Similarly, high school teacher Curtis White, writing for the magazine Education Week, emphasized that students’ cell phones can be used to enhance education.

“My high school students’ use of technology has become almost invisible as we leverage the tools in our pockets to create, collaborate, analyze and synthesize together,”  he wrote.

In one BHS study hall, most students were observed working on schoolwork at the beginning of the period, but by the end of the period most were on their phones, texting their friends or watching videos.  

This pattern can perhaps be attributed to most students having finished their most pressing work by the end of the study hall.  Additionally, while walking the BHS hallways, one observes many students on their phones.

“I’ve had to correct students many times, walking with their head down, texting or looking at Facebook, when they almost run into somebody else or the wall,” Downey said.

When a student is seated and working on an assignment, their cell phone can make for an effective personal music player.

“I usually use it for music.  Just now I was doing math homework and I was listening to music,” said Mallory Chylla when asked about her use of her cell phone.  “Sometimes, if I finish all my work, I’ll go on social media, but I try to do my work first.”

Science teacher Lisa Bugenske allows students to use their phones to access academic apps or use them as calculators, as well as taking photos to create videos for the class.”

Communication between students is also made easier by the use of cell phones.  

“Sometimes I get a meeting for a club, and they didn’t even tell me the day before,” sophomore Hiba Ali said.  

Such last-minute notifications require near-instant communication to rearrange schedules, which is provided by cell phones.

Many teachers have a rack for holding phones in their classroom, where students should leave their devices when not using them for classwork.  

While some teachers who do not use the racks have expressed concern about phones being stolen from these racks, Bugenske feels that the use of these racks has actually reduced incidents.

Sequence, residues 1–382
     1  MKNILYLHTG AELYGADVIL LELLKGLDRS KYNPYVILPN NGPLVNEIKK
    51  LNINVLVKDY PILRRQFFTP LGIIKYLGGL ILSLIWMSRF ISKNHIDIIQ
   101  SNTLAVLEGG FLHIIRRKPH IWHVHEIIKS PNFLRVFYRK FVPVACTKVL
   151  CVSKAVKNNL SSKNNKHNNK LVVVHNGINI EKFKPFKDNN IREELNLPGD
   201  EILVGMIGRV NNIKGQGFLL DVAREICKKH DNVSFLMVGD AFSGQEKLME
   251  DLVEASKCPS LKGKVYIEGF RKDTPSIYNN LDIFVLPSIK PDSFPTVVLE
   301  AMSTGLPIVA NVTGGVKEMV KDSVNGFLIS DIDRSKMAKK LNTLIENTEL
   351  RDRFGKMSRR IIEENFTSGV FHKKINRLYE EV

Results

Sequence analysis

Prior to using a phone holder in her classroom, she would see students pranking one another by hiding their phones, which were grabbed from desktops.  Since the phone rack was installed, she has not seen this sort of harassment continue.

Of course, holding another student’s cell phone hostage is far from the only way technology can lead to disruptions in classrooms.  

“Harassment, intimidation or bullying also means cyberbullying through electronically transmitted acts,” the Student Handbook states.  

Attorney Monica Steiner, a member of the California State Bar addressed these issues in an article on the website CriminalDefenseLawyer.

 “In 2014, and after a series of cyberbullying-related teen suicides, a significant public outcry in Ohio arose to modify existing state laws (or create new ones) that better respond to the unique harm caused by cyberbullying,” she wrote.

New legislation has yet to be written regarding cyberbullying, but school boards in Ohio are required by law to adopt strict anti-bullying policies.

 “[A bully] may also face charges under Ohio’s ‘menacing by stalking’ law when the bully engaged in two or more acts that caused the victim to believe that the bully was going to cause physical or mental harm to the victim,” Steiner wrote.

“It can take place on any media, sadly,” Ali said. “It happened to my friend.”  

She also pointed out that cyberbullying is not limited to cell phones, and can also be committed using Chromebooks.

“When it happens outside the school, it’s hard for us to control,” Downey said.  “We really try to support the student and encourage them to stay off social media.”